Full time employees of a company may interview for a job once every 3 to 5 years. Contractors may have 15 -30 interviews in a year. Along with mastering your technical skills, you must also hone your interviewing skills. Read plenty of books on the subject and really strive to ace every interview. This puts you in the drivers seat. If the client liked your resume, and really liked you during the interview, it may open a lot of room for salary negotiation.
Learn professional negotiating skills
Almost everyone thinks they are a good negotiator, but you would be surprised at what you don't know. Negotiating is an art and learning even a few basics can give you a big advantage in both your personal and professional life. Start with a well known book or audio cassette program to learn the basics, and move up from there. If you get the opportunity, take a workshop on negotiating tactics that includes practice exercises and scenarios. 
Be prepared to walk away
Saying no to a contract in order to force client who really likes you to cough up more money is a technique you should only use sparingly. Doing it too often can ruin your reputation. Never admit that you're holding out for more money, simply state that you have another offer from another company for X dollars more.
Obviously, it helps if you really do have another job lined up. On one occasion, I really did have another higher paying job lined up and had to turn down a job offer. I not only received repeated counter offers for more money, but they finally threw in a complimentary Gym membership and free baseball tickets as well.
Don't price yourself out of the market
So you think you're worth $100 an hour? You may have found a few contracts where the clients were willing to pay that much. But now the market has changed and there are either more people capable of doing the job you do for less money, or the demand has dried up. But you've told all of the contracting companies "don't call me unless it's for at least $100 an hour." After all, you've got to pay off the Viper. Bad move. Never set a minimum salary in stone unless you are absolutely sure the market can bear it. Be flexible as the market changes. Remember that the laws of supply and demand are always at work.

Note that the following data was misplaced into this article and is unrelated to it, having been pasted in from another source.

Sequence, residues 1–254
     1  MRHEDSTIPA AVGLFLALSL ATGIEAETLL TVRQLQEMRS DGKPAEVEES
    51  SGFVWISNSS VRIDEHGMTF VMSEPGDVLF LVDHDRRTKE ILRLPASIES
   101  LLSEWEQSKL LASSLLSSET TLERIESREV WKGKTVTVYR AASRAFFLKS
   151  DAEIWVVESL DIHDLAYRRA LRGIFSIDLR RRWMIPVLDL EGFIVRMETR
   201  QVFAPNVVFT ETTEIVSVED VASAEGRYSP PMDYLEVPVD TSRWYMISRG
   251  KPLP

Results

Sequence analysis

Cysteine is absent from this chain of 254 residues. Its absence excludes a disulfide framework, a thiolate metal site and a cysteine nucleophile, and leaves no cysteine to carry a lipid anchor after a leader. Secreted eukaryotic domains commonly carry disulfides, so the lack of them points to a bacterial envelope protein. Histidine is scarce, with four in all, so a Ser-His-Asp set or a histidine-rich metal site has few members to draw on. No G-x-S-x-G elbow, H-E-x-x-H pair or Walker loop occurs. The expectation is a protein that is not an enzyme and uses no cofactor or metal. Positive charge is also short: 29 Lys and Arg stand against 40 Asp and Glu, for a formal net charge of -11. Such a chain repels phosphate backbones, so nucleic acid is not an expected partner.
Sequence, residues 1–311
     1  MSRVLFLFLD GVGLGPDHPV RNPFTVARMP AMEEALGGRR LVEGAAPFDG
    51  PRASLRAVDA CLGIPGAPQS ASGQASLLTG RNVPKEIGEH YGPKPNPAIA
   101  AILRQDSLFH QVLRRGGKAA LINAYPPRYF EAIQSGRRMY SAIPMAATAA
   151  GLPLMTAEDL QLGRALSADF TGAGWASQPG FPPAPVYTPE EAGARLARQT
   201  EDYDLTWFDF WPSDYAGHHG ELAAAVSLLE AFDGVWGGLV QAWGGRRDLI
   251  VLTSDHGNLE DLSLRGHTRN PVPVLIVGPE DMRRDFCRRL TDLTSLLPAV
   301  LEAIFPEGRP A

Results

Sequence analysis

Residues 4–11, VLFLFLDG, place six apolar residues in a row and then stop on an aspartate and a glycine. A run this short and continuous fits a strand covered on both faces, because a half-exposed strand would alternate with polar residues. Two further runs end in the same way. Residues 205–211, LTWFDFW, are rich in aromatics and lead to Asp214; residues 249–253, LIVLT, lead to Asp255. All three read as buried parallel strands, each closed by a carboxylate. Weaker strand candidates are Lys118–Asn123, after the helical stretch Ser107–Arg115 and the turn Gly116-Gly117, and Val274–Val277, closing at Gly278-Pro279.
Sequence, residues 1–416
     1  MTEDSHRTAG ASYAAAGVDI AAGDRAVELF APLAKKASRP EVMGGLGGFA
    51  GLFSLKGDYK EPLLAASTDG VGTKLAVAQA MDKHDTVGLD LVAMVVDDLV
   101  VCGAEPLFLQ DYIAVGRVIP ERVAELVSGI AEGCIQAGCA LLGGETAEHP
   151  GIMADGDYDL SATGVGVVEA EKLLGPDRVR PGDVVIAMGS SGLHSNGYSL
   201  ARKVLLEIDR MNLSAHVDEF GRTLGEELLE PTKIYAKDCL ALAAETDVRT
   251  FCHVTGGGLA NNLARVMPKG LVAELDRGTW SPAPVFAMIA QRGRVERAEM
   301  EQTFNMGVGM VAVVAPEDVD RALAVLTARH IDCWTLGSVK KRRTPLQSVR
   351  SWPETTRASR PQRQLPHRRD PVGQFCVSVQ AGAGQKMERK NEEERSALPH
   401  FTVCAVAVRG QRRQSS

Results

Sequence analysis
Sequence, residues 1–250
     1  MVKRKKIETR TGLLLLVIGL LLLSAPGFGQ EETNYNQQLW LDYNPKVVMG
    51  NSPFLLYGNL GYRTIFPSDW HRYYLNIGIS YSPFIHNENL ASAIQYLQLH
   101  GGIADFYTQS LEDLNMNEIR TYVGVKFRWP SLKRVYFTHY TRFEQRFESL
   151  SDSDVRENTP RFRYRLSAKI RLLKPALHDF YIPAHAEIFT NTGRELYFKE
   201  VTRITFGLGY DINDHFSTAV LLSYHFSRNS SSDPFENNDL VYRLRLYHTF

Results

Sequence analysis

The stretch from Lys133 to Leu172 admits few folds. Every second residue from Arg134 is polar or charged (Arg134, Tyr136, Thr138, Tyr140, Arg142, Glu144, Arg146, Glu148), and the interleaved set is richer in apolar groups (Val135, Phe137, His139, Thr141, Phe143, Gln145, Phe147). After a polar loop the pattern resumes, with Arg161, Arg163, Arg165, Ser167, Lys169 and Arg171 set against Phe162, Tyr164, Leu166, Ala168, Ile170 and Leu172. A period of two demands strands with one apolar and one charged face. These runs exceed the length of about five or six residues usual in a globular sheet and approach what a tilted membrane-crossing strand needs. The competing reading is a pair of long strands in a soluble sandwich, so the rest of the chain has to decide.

Always under promise and over deliver
There is a time to be confident and sure footed about your skills. But being over confident and stretching your real abilities in the interview will almost always come back to haunt you. Be honest with the client. If you haven't done this type of project before, let them know why you think you can get the job done anyway. Never oversell yourself just because you can. The IT community is small. Word will get around about you. By over delivering on your promises, you'll have everyone believing you are exceptional  The word will get around soon enough, and the raises will follow.